Why Cleveland Indians’ championship merchandise will be destroyed
For fans of long-suffering teams, rare memorabilia of the most bitter losses might be hip. The MLB is wary of collectors.
David J. Phillip/AP File
You lose the World Series, your team’s apparel ends up giving someone in a developing country something to wear. That’s how it worked for a while, anyway.
Major League Baseball is breaking with its tradition of donating clothes celebrating the victory of the wrong team, reported ESPN on Wednesday. Instead, licensed gear commemorating the Cleveland Indians’ victory-that-never-happened in the 2016 World Series is going to be destroyed.
The point is to “protect the team from inaccurate merchandise being available in the general marketplace,” MLB spokesman Matt Bourne told the network.
But the move raises questions as to how the league’s incentives might have changed between now and the mid-2000s, when the MLB joined the other three biggest US professional sports leagues in donating losing-team clothes to charities such as World Vision, which distributes them to people in war-torn or developing countries. It also might resurface questions about how valuable the practice ever was.
Here’s one theory: The MLB might suspect that the apparel has a kind of ironic cool that would make it a choice item for collectors on the black market.
“We’ve lived through enough cycles of production of this material that we know it’s out there, and we know it’s donated,” says Robert Boland, director of Ohio University’s sports administration program. “There may have been interest.”
In other words, MLB was worried that Cleveland Indians clothing sent overseas as a donation might find its way back and be sold to fans in Cleveland.
“There may be interest in Cleveland, in particular, because of its long championship drought,” Mr. Boland tells The Christian Science Monitor. “I could see people in Cleveland wearing this in spring training and through the season.”
World Vision says its collaboration with professional sports leagues was born of legal proceedings that saw unlicensed gear confiscated and donated to them. The leagues came calling later, after the group proved it was able to place them "with recipients in extreme need without interfering with the marketplace and while also protecting the branding", senior corporate communications leader Cynthia Colin told the Monitor.
"The primary concerns of the leagues have always been: distributing the product directly to recipients who would be impacted by receiving a new article of clothing, while also protecting their branding and avoiding any possibility of creating a secondary market," said Ms. Colin in a statement.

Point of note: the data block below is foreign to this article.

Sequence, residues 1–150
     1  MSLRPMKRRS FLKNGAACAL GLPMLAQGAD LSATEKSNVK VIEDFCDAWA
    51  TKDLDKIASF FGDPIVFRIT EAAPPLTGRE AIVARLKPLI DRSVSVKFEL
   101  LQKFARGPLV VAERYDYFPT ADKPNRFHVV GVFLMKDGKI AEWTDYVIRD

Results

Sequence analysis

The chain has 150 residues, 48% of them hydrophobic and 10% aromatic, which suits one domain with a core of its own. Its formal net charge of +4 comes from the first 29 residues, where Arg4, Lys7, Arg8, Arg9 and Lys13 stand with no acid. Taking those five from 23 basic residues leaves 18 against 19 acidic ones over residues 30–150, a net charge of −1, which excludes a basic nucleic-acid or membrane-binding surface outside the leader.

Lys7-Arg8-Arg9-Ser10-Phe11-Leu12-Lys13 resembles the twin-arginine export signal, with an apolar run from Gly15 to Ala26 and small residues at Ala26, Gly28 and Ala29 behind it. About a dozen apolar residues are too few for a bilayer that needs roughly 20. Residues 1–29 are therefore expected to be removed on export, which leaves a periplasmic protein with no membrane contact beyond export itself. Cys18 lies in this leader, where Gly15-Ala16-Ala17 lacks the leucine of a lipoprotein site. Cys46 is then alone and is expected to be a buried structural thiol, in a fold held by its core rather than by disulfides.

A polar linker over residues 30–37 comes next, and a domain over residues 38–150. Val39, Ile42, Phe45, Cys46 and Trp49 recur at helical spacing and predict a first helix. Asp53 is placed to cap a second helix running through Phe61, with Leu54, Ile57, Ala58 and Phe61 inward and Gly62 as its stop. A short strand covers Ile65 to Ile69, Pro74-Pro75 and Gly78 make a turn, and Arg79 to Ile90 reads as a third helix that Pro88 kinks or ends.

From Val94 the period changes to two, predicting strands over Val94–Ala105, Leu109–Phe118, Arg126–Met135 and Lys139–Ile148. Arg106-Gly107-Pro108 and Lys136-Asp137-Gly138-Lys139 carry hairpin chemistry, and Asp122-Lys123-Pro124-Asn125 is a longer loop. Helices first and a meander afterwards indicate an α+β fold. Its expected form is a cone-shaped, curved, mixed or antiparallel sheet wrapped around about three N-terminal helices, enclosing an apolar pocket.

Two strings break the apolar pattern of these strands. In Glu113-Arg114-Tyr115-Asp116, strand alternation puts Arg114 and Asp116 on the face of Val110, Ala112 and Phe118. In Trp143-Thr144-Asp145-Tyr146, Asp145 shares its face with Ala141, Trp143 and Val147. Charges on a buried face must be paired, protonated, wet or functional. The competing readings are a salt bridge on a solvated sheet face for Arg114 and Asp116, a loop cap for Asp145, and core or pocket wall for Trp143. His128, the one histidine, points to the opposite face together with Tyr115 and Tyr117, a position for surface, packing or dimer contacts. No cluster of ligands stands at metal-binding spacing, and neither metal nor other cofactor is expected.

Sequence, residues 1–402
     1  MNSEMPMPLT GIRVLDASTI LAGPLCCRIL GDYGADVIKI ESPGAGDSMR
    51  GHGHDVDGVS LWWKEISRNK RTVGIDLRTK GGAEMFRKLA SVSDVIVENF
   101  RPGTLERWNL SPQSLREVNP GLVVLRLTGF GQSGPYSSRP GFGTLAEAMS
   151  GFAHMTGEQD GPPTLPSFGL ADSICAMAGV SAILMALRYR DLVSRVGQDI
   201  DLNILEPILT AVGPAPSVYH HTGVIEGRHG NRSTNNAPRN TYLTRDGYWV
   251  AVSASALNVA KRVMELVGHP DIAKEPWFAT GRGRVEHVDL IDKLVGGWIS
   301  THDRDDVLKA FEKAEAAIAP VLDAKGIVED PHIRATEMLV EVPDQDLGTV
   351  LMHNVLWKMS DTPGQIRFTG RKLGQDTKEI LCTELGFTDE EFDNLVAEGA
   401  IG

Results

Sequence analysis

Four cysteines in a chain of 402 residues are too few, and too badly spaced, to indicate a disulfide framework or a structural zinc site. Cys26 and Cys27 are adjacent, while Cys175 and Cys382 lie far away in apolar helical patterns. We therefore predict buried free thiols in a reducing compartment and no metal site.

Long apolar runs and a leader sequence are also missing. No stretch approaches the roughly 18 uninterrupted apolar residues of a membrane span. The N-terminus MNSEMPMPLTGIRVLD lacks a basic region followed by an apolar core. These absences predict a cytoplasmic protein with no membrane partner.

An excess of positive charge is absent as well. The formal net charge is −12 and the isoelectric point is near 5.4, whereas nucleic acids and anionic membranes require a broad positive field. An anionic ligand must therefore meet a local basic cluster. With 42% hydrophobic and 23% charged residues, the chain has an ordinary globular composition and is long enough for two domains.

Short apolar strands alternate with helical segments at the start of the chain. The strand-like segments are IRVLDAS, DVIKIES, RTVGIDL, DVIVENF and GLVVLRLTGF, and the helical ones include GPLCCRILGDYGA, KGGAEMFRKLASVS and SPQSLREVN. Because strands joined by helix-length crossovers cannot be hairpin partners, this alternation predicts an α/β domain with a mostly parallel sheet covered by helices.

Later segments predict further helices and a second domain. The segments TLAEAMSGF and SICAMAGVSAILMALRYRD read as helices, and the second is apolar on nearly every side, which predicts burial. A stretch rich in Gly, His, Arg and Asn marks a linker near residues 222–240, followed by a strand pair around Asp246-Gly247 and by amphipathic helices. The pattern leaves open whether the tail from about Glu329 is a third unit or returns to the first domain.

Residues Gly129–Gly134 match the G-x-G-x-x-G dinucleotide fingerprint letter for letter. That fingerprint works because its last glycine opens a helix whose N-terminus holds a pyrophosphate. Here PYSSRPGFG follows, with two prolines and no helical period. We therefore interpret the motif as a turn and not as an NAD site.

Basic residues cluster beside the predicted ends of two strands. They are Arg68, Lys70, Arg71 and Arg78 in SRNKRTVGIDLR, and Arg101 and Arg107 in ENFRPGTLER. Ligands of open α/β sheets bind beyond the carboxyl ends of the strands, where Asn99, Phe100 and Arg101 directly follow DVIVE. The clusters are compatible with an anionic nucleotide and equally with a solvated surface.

Given the long odds faced at one point in the series by the Chicago Cubs, who overcame a 3-1 deficit, there’s likely no small number of T-shirts, hats, and other apparel sitting around. One custom printing company in Columbus, Ohio, reportedly printed up nearly 20,000 T-shirts heralding an Indians’ victory.
As Tom A. Peter reported for The Christian Science Monitor in 2007, when the Chicago Bears shelled out $2.5 million for a silk-screened load of unhappy memories after they lost in the Super Bowl, corporations can get tax credits for charitable donations when they donate clothes.
Jim Fischerkeller, World Vision’s director of corporate engagement, told ESPN that he hadn’t heard of World Vision-distributed MLB gear finding its way back to North American markets.
But Boland says for certain teams, those bitter mementos can become a little like the 1909 Honus Wagner baseball card printed by a tobacco company before the early baseball legend ordered them to remove his likeness – a card that sold for $3.12 million in a September auction.
“You don’t want material that’s a kind of fluke to be out there. Its existence sort of undermines the equality of the winners’ material. And it has larger value later as a collectible.”
That might be enough to outweigh the benefits of a minor public-relations burnishing, particularly as the practice of clothing donation has drawn scrutiny from foreign-aid experts, who say it can dump clothes on people who don't really need them, and damage local manufacturing in the process. World Vision, for its part, says its clothes distribution is just one prong of its more comprehensive development projects.
“Many of these kids have never seen something brand new,” the group’s corporate relations officer Jeff Fields told a CBS affiliate in Pittsburgh in 2012. “They’re living in torn clothing, shoes that are ripped, so when they get something brand new from someone far away, they are so appreciative. It really is life-changing for them to receive that.”